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I’m still on my family vacation, but wanted to pop in to spotlight today’s important Senate battle over the EPA war on carbon. It’s a subject we’ve covered here over the past year (reminders here and here that opposition to the Obama regulatory power grab is crossing party lines).
The Hill reports on Senate Democrats scrambling to control the damage:
Democratic leaders are scrambling to prevent the Senate from delivering a stinging slap to President Barack Obama on climate change.
They have offered a vote on a bill they dislike in the hopes of avoiding a loss on legislation Obama hates.
The president is threatening to veto a resolution from Sen. Lisa Murkowski (R-Alaska) that would ban the Environmental Protection Agency (EPA) from regulating carbon emissions.
But if the president were forced to use his veto to prevent legislation emerging from a Congress in which his own party enjoys substantial majorities, it would be a humiliation for him and for Democrats on Capitol Hill.
The Senate GOP conference blasted the economic impact of the EPA overreach:
More info and ways to get involved at Freedom Action.
Freedom Action urges Senators to vote Yes on Thursday on S.J. Res. 26, Senator Lisa Murkowski’s Resolution of Disapproval of the Environmental Protection Agency’s Endangerment Finding. Senate passage of the Murkowski Resolution will be the first step in stopping EPA from using the Clean Air Act to regulate the economy into stagnation. This is a key vote that will have a major impact on Americans’ future living standards.
Senators who vote No on the Murkowski Resolution are voting for a regulatory train wreck that will result in much higher energy prices, less money in consumers’ pockets to spend on other things, and lost jobs in manufacturing industries that will lose competitiveness from higher energy costs. It is therefore critically important for the Senate to pass the Murkowski Resolution on Thursday and begin the process of taking back Congress’s authority from an out-of-control EPA.
As I’ve noted before, it’s the Obama eco-appartchiks who are the real public danger and whose regulatory emissions must be contained.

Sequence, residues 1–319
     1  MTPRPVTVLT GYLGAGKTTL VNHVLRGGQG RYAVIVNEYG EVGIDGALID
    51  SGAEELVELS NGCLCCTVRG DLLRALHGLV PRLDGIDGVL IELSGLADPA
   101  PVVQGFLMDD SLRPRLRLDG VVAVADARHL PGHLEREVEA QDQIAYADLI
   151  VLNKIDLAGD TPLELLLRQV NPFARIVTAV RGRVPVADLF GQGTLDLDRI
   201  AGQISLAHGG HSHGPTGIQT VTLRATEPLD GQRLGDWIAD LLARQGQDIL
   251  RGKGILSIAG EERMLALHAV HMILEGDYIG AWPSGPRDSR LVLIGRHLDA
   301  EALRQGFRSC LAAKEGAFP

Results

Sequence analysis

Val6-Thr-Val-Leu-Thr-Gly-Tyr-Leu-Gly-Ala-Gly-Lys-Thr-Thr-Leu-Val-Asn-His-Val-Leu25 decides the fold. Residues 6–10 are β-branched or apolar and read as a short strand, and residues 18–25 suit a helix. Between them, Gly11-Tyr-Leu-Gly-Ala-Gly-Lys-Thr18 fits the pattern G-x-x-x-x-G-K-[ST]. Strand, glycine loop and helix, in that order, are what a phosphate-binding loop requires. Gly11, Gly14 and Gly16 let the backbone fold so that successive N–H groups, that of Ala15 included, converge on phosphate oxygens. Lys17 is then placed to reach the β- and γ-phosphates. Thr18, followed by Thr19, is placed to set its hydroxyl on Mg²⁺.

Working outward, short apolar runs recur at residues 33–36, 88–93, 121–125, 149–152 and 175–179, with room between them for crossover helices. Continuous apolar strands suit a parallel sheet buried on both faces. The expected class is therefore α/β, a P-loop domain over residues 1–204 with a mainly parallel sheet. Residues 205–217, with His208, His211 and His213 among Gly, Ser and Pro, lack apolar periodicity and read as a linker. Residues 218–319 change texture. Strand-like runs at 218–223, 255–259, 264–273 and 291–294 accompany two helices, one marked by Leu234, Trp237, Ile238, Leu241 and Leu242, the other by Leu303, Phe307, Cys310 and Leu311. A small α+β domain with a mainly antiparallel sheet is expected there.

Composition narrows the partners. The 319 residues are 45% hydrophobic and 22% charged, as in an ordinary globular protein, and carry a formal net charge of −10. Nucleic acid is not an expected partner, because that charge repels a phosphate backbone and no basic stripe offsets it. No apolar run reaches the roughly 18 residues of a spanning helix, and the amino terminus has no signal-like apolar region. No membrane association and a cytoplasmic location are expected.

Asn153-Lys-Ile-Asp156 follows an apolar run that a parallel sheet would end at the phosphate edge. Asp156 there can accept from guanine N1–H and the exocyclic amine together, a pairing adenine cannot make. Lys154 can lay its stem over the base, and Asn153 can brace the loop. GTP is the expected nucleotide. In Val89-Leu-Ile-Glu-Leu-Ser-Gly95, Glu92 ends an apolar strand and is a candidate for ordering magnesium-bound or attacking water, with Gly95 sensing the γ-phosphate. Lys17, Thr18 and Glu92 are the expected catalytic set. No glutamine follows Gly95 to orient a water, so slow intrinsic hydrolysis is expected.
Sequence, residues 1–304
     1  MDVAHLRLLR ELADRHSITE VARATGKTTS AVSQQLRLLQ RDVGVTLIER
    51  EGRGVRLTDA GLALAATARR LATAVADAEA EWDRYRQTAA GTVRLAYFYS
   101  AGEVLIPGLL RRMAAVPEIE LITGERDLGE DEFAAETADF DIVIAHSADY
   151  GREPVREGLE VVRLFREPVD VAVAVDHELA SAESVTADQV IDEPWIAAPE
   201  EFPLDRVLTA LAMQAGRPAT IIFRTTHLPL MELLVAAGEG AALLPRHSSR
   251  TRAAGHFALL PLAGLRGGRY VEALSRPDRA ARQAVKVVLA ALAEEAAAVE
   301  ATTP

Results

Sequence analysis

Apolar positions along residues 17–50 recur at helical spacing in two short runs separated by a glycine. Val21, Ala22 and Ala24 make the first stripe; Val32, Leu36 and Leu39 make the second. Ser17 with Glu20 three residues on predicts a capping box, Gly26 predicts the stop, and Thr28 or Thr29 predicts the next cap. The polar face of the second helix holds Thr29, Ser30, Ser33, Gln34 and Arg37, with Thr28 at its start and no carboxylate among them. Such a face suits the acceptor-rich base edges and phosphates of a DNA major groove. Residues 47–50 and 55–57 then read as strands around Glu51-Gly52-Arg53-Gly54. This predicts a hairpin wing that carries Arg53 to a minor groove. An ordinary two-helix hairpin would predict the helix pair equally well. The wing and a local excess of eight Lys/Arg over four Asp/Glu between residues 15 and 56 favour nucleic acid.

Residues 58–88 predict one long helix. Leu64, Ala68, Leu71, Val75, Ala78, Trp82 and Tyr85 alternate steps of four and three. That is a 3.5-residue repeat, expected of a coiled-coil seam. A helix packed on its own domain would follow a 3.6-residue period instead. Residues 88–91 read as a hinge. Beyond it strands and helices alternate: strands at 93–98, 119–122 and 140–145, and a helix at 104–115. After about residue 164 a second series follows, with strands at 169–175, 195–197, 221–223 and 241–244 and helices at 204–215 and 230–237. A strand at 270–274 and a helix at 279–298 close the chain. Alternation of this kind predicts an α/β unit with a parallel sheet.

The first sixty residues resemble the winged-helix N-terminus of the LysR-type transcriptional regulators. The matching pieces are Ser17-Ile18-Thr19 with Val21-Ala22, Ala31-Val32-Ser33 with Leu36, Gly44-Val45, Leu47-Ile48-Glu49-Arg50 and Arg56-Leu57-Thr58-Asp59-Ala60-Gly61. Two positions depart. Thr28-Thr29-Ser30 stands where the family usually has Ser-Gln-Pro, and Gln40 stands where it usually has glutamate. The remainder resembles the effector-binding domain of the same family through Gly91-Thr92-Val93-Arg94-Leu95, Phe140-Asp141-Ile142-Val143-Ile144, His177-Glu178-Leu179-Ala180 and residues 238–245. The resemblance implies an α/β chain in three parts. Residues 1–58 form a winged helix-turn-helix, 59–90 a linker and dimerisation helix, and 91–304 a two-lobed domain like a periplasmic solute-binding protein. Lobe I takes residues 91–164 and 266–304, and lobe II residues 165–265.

GOP Sen. James Inhofe:
The debate over the Murkowski resolution began even before the resolution was introduced in January. It really began 11 years ago, when the International Center for Technology Assessment, along with 18 other organizations, petitioned EPA to regulate greenhouse gases from cars and trucks under the Clean Air Act.
That petition went to then-EPA Administrator Carol Browner, but she never acted on it. And that was really no surprise, considering the US Senate, just two years earlier, voted 95 to 0 against the ruinous Kyoto Protocol.
So the decision on the petition carried over into the Bush Administration. In 2003, the Bush EPA denied the petition, which prompted a predictable raft of lawsuits by some states and environmental groups.
The case-called Massachusetts v. EPA-made its way to the Supreme Court, which in 2007 ruled that CO2 is a pollutant under the Clean Air Act, and that EPA must make a fundamental decision: either greenhouse gases from cars and trucks “endanger” public health and welfare or they don’t; or the science is so uncertain that it can’t make a decision either way.
The clock ran out on the Bush Administration, so this critical question of “endangerment” under the Clean Air Act carried over into the Obama Administration. In December last year, to no one’s surprise, the Obama EPA decreed that there is in fact endangerment.
This decision has far-reaching implications for how we use energy, how this country is governed, how businesses are regulated and controlled, and how we conduct our daily lives.
Make no mistake: despite testimony to the contrary by senior officials, the Obama Administration was not forced by the Supreme Court to choose endangerment. As I noted, they had a choice, and they made the wrong choice. They chose to make an endangerment finding based on the flawed scientific conclusions of the UN’s Intergovernmental Panel on Climate Change, or IPCC.